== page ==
You're challenge is to write 5 different full programs for the 5 following tasks:

  1. Print Hello, World!

  2. Given an input with STDIN, output the factorial, you can assume that the input is an integer >= 0

  3. Given an integer N, calculate the sum of the primes <= N

  4. Given an input with STDIN, output the letters used in the input. For example: the input is Hello world, you need to output helowrd. Note that the output is in lowercase. You can assume that the input is always alphabetic with whitespaces, the whitespaces are ignored.

  5. Output the following diamond exactly like this:

       *
      ***
     *****
    *******
     *****
      ***
       *
    

All these challenges are probably very easy, but there is a catch. Every letter you use cannot be used again in the other programs. This is not prohibited, but will give you a penalty of +8 bytes. For example, if this is your program for the first task:

print("Hello, World!");

Then you cannot use the following letters (in uppercase or lowercase form): p, r, i, n, t, h, e, l, o, w, d in the other programs. If you do have to use them, you can 'buy' each letter for 8 bytes. So if you want to use the letter l again in another program, you get a penalty of 8 bytes. After you have paid the penalty, you can use each letter as much as you want in this program. Other characters don't matter. Also, all 5 programs should be in the same language.

This is , so least amount of bytes wins!

  • 3
    This is a slightly different spin on challenges we've already had, but not different enough for it to not to be a multi-dupe in my eyes. – Mego Oct 31 '15 at 21:08
  • 3
    @Mego I'd vote to close this as a multi-duplicate without the restriction, but the restriction makes it a whole new game. – trichoplax Oct 31 '15 at 21:25
  • 1
    If you use a given letter in 3 programs, do you pay the 8 byte penalty twice (16 bytes)? – trichoplax Oct 31 '15 at 21:26
  • 1
    @trichoplax, yes you pay 16 bytes – Adnan Oct 31 '15 at 21:28
  • 1
    @trichoplax Hardly. The existing solutions for the duped problems will still be competitive. The top solutions here will just be the concatenation of the duped questions' solutions, with a higher score from the penalty. – Mego Oct 31 '15 at 21:47
up vote 10 down vote accepted

CJam, 73 bytes

"Obkkh+'Phukc&"7f^
q~m!
ri){'j3+_3++~},:+
lS-el_&
4{_' *4@-Y*('**+}%_1>W%\+N*

Each line is a full program. Try them online: 1 | 2 | 3 | 4 | 5

Letter map

 bc  f h  k   op    u       18
            m   q            4
        ij       r          17
    e      l      s          7
             n        w y   27

If you want (and each of your programs fits in a line), you can use this CJam program to create a letter map for your own submission.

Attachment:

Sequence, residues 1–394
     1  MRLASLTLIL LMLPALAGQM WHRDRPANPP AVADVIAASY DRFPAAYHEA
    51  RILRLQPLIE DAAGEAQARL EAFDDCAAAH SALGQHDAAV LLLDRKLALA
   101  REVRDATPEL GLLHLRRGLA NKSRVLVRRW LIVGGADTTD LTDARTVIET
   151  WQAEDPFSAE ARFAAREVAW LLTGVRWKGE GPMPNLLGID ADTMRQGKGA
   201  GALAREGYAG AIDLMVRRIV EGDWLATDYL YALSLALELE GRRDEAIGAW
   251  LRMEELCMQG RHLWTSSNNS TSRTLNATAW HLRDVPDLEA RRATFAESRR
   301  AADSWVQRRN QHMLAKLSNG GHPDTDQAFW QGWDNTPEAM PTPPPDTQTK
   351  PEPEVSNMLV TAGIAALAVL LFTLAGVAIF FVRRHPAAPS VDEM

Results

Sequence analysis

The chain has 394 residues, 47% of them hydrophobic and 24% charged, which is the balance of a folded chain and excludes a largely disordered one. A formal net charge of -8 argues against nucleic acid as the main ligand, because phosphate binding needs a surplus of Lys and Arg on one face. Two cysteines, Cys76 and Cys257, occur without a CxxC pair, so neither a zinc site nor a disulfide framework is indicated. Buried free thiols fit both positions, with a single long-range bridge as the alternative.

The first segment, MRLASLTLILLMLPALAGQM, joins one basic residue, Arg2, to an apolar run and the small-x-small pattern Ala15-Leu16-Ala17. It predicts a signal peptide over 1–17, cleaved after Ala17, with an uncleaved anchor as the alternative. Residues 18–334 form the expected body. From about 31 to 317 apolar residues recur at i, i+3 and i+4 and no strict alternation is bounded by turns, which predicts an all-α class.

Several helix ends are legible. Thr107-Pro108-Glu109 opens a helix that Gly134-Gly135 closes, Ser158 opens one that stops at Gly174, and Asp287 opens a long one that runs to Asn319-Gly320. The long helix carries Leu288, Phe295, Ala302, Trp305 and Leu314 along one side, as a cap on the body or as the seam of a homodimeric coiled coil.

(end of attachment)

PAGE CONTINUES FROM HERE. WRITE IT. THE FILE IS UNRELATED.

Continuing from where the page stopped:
• Proof that osascript wasn't built for this: Your entire submission is less than 2 of my programs. XD +1, nice job. – Addison Crump Nov 1 '15 at 14:28

Pyth, 90 bytes

First attempt...

Task 1: 20 bytes

+"Hello, "+C87"orld!

Task 2, 3 bytes

.!Q

Task 3, 9 bytes

sf}TPTSvz

Task 4, 6+8=14 bytes

@G{rw0

Task 5, 44 bytes

"   *
  ***
 *****
*******
 *****
  ***
   *

osascript, 759 Bytes

I knew this was going to be a lot when I started. o-o

Task 1: 15 Bytes

"Hello, World!"

I knew that it was going to be bad from this point.

Task 2: 64 + 8*4 = 96 Bytes

on run a
set o to 1
repeat a
set o to a*o
set a to a-1
end
o
end

Oh gawd.

Task 3: 170 + 8*13 = 274 Bytes

on run a
set o to 0
set t to false
repeat with i from 2 to a
set t to true
repeat with c from 2 to i-1
if i mod c=0 then set t to false
end
if t then set o to o+i
end
end

Dennis ≠ outgolfed.

Task 4: 225 + 8*13 = 329

on run a
set o to""
repeat with i in items of a
repeat with c in characters of i
if c is not in o then
if ASCII number of c<91 then
set o to o&(ASCII character of(ASCII number of c+32))
else
set o to o&c
end
end
end
end
o
end

...

Task 5: 45 Bytes

"   *
  ***
 *****
*******
 *****
  ***
   *"

So, yeah. I knew I was gonna lose from the start. But it was interesting, I'd be interested to know if there's a way to do this in fewer characters. Character map (as provided by Dennis):

   de  h   l  o  r    w     15
a cdef hi  lmnop rstu w    160
a  de        nop rstu       57
abcdef hi  lmnop rstu w    214
                            39
                             0

The character count above is slightly off - newlines made it have issues, as the newlines were uncounted.

NOTE: The reason for not using stuff like a's characters or the like is that the ' character has to be used when executing from the osascript command line. If I had used ', I'd have to use \' or something similar, which wouldn't have helped me at all. Also, it only recognizes " as string capturers, so I was kinda screwed there as well. But that was fun.

NARS2000 APL, 144 bytes (85 characters)

Task 1, 21 bytes (17 characters)

⎕←"Hello, World!"

Task 2, 10 bytes (4 characters)

⎕←!⎕

Task 3, 22 bytes (11 characters)

⎕←+/¯2π⍳2π⎕

Task 4, 53 bytes (29 characters)

⎕←∪Q[26∣Q⍸⍞∩Q←⎕AV[97+⍳26]∪⎕A]

Task 5, 38 bytes (24 characters)

⎕←" *"[1+4<∘.+⍨(⍳3),⊖⍳4]
  • 1
    Are those actually full programs? I don't know NARS2000 (and it's not available on my platform), but all dialects I know require assigning to to print outside a REPL. – Dennis Nov 1 '15 at 16:58
  • @Dennis Sorry, forgot I was fiddling inside the REPL. – Oberon Nov 1 '15 at 17:12
  • You're not allowed to output trailing spaces for the diamond. – lirtosiast Nov 2 '15 at 23:53

Jelly, 46 bytes (non-competing)

“3ḅaė;œ»
Ɠ!
ÆRS
ɠQḲŒl
4Ḷ¤‘+¤ṖṚṭ×”*Fµ4Ḷṭ4ḶṚṖ¤F×⁶+⁸Y

Try it online! (Copy/paste each snippet)

Apparently, the restriction did not restrict golfing :) Just suggestions for the last one, of course, please.

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